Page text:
On Tuesday, President Bush had the most bizarre cabinet meeting any president is ever going to have. It was a meeting with an actual cabinet. A filing cabinet. A filing cabinet in Parkersburg, W. Va., to be precise.
Strange? Yes. But then again this is a very remarkable filing cabinet. By one way of looking at things, it contains $1.7 trillion dollars. But by another, it contains nothing at all.
Of course I’m taking about the filing cabinet in the offices of the Bureau of the Public Debt that holds the assets of the Social Security Trust Fund.
After the meeting, President Bush declared, “a lot of people believe that the Social Security trust is — the government takes a person’s money, invests it, and then pays it back to them upon retirement… It doesn’t work that way. There is no ‘trust fund,’ just IOUs that I saw firsthand…”
In other words, there’s nothing there.
The president’s opponents were quick to look at it another way. Democratic congressional leaders Harry Reid and Nancy Pelosi said the same day, “It is simply wrong to suggest that the Social Security Trust Fund does not exist, or that the securities held by the Trust Fund are merely pieces of paper. For a president to even suggest that the federal government might, for the first time, default on a security backed by the full faith and credit of the United States unnecessarily misleads American workers…”
Who’s right? Is the president right, that the Treasury bonds held by the trust fund are “just IOUs”? Or are the Democrats right, that those bonds are sacred obligations of the United States, just like any other Treasury bond?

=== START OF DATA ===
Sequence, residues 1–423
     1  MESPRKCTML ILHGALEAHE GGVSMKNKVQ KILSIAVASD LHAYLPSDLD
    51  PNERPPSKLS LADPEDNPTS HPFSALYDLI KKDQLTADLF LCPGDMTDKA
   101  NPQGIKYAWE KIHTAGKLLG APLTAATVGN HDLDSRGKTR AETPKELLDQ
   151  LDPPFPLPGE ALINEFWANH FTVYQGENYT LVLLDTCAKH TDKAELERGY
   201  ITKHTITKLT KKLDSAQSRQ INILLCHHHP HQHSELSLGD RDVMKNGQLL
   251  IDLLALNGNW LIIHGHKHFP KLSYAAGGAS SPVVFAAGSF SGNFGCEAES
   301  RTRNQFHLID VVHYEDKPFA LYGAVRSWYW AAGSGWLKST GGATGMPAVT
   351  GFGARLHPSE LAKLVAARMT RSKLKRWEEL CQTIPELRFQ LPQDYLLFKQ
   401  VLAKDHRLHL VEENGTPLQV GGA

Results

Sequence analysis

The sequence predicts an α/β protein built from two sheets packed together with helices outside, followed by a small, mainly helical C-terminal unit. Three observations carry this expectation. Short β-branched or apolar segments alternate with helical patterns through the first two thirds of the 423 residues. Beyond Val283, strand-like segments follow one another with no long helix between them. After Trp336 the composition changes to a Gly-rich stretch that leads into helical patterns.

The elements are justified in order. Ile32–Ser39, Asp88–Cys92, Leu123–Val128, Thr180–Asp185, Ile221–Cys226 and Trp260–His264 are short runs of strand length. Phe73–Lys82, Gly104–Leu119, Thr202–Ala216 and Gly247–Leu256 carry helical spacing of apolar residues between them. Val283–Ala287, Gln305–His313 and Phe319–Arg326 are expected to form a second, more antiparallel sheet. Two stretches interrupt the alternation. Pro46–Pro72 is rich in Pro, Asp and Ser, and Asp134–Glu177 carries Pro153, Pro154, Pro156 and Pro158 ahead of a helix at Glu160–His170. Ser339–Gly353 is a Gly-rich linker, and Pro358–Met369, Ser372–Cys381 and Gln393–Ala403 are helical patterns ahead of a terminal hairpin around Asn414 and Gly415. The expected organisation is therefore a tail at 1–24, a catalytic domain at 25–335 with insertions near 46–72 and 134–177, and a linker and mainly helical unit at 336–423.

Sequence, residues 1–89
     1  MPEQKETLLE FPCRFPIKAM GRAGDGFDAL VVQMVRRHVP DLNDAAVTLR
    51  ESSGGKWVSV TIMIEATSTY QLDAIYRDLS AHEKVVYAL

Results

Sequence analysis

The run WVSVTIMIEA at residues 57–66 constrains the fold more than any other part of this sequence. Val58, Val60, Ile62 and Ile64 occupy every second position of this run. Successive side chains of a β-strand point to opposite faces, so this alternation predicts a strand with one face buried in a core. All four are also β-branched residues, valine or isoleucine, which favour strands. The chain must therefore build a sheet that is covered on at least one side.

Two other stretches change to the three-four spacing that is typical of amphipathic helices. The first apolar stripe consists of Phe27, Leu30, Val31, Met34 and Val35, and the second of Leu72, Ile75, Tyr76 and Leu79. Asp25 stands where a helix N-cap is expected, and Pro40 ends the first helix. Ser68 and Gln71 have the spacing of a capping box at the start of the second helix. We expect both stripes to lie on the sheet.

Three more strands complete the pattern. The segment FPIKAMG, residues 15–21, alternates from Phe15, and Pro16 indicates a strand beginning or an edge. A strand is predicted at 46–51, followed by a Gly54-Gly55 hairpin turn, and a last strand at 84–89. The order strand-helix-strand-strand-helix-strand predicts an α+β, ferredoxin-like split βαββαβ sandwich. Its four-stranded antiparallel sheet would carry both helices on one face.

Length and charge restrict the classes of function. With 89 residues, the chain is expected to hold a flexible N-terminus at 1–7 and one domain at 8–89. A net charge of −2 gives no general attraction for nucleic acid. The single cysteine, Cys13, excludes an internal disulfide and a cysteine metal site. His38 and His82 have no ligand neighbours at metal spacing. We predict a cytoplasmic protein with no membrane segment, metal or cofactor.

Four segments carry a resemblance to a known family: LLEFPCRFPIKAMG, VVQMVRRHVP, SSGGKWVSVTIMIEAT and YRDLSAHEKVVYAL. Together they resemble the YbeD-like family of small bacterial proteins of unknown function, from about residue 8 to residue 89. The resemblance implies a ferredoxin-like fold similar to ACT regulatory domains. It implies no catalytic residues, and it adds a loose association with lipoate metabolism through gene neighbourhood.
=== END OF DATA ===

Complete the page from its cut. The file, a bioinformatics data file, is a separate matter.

Is the president raising valid concerns about the way Social Security is financed? Or, as the Democrats charge, is he threatening to default on the nation’s debt?
Both the president and the Democrats are right in their own ways. But that means, necessarily, that both are wrong. I told you it was a remarkable filing cabinet.
Here’s the truth about it.
The Democrats are correct that the Trust Fund’s cabinet holds actual Treasury bonds, and those bonds are every bit as real as the Treasury bonds you probably have in your IRA or brokerage account. Those bonds — the Trust Fund’s and yours — are backed by the full faith and credit of the United States, and a default on any of them would be an unprecedented and unthinkable catastrophe for our country.
And nothing whatsoever that President Bush has said should be construed as a threat to default on those bonds. So don’t worry — at least not about that. Period.
There’s one very important thing, though, that makes the Trust Fund’s Treasury bonds different from yours. You aren’t an agency of the US government, but the Trust Fund is. That means when you invest in Treasury bonds, they represent a debt owed by one party to another — in this case, the government to you. But when the government itself invests in Treasury bonds, those bonds represent a debt owed by one party to itself.
You can’t owe money to yourself. What would it even mean to borrow 20 bucks from yourself today and promise to pay it back to yourself on Tuesday?